Cause, Consequences, and Cure
The current subprime crisis. Who doesn’t first of all think of greedy bankers who profit from the poor? Yet, the roots of today’s financial crisis date back to the presidency of Lyndon B Johnson who started the avalanche with a little-known law: the Fair Housing Act.
The Avalanche Starts: Introduction to Structural Problems Causing the Current Crisis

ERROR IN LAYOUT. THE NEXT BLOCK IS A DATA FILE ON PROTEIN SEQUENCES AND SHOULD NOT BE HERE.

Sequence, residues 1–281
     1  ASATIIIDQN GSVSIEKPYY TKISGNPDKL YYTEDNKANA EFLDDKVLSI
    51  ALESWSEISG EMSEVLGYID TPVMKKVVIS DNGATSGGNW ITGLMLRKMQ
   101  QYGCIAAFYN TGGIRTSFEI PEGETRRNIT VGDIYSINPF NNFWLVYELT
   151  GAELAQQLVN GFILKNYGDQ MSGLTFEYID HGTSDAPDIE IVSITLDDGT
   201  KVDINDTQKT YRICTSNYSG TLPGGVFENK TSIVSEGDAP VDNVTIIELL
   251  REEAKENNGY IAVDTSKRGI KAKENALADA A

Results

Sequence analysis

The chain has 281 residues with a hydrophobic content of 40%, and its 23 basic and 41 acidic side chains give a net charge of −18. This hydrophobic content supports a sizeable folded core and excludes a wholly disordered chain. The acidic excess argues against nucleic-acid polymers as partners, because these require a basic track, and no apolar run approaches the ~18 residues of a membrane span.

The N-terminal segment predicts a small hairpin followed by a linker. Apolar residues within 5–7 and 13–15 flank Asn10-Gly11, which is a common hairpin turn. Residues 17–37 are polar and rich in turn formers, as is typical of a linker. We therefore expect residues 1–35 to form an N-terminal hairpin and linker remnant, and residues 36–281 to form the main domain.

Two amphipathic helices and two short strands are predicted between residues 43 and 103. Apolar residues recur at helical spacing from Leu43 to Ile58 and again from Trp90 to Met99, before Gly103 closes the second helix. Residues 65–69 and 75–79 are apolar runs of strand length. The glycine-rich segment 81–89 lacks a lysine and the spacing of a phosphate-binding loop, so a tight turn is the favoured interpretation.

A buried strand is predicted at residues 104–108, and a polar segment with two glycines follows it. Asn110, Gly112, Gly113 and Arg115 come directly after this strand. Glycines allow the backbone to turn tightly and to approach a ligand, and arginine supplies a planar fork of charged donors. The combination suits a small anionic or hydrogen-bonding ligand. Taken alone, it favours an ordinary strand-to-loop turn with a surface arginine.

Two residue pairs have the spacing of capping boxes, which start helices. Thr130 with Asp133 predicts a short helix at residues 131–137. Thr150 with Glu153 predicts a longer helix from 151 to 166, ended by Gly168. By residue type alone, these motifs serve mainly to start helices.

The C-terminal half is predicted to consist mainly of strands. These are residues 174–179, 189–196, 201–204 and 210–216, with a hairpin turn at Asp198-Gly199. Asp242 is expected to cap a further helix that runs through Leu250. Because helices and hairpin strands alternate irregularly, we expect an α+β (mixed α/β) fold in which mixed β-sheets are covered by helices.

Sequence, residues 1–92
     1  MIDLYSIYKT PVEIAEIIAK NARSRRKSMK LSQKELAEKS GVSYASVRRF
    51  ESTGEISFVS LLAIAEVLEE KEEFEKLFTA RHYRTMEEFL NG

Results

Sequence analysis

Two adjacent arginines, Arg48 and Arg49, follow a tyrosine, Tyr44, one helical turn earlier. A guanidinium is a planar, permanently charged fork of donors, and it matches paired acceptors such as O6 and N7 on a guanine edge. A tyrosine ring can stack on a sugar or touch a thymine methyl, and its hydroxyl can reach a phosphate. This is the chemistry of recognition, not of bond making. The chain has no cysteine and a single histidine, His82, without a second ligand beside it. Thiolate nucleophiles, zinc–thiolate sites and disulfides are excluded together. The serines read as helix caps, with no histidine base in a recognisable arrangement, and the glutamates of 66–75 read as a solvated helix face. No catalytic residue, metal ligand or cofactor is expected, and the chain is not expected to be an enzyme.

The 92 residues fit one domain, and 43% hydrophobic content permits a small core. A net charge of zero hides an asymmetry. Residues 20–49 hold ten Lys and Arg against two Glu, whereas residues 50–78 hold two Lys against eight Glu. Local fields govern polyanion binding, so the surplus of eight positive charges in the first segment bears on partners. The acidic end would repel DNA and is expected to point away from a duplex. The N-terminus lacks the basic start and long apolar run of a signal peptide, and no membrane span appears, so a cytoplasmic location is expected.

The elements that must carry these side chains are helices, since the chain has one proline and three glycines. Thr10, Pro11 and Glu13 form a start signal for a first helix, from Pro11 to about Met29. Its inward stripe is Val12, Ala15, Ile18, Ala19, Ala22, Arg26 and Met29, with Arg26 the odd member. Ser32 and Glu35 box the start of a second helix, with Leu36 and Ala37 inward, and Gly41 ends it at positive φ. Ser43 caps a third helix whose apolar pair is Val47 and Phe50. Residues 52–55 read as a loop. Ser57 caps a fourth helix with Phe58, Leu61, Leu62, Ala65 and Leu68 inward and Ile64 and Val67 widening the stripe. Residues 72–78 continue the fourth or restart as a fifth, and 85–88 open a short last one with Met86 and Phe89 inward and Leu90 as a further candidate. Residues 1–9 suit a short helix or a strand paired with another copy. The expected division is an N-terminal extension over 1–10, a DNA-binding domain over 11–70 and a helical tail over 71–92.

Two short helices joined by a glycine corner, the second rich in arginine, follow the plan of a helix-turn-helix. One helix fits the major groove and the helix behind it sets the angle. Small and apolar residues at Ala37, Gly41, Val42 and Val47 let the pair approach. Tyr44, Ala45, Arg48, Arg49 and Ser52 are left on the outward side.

Before we go into details of the current financial crisis (in the U.S.A.), it is very important to analyze its origin and the structure of the system that caused it. In the aftermath of the stock market crash of 1929, the US government spent a few years trying to contain the long-term adverse effects. Since speculation by banks was the root cause of the Great Depression, and one of the results was the loss of the deposits in the banks, the US government tried to protect the people who owned money in bank accounts from potential bankruptcies and also to reduce the influence of giant financial enterprises. This was accomplished 1933, four years after the start of the Great Depression, with the passage of the Glass-Steagall Act. The Glass-Steagall Act divided the banks who survived the 1929 stock market crash into investment banks and commercial banks. From then on, investment banks would be allowed to engage in high-risk trading but wouldn’t be able to hold deposits, while commercial banks wouldn’t be able to engage in high-risk trading but could hold deposits. The premise behind this law was to limit the size of banks, prevent collusion between investment and commercial banks, and if a bank failed, to protect consumers from losing the money in their bank’s accounts. Another important federal government creation during the 1930’s was Fannie Mae. At that time Fannie Mae was a government agency tasked with providing affordable mortgages to low-income people, who otherwise would not be able to do so. Since the US government stood behind Fannie Mae as its primary backer, the agency has been able to borrow money at lower interest rates, something no other bank in the US could have. In the 1960’s Fannie Mae and Freddie Mac were “privatized”, with the government retaining its oversight and serving as its primary backer. This allowed Fannie Mae and Freddie Mac to pass all profits to its shareholders without taking any risk (the risk was carried by the US government). In 1968, president L.B. Johnson signed the Fair Housing Act with intent to make homeownership more easily obtainable for underpriviliged communities. FHA criminalized practices such as redlining, and established the Fair Housing Agency to enforce the new rules. The Community Reinvestment Acts of 1977 and 1995 further expanded the government authority to steer banks towards offering mortgages to people who could not afford them.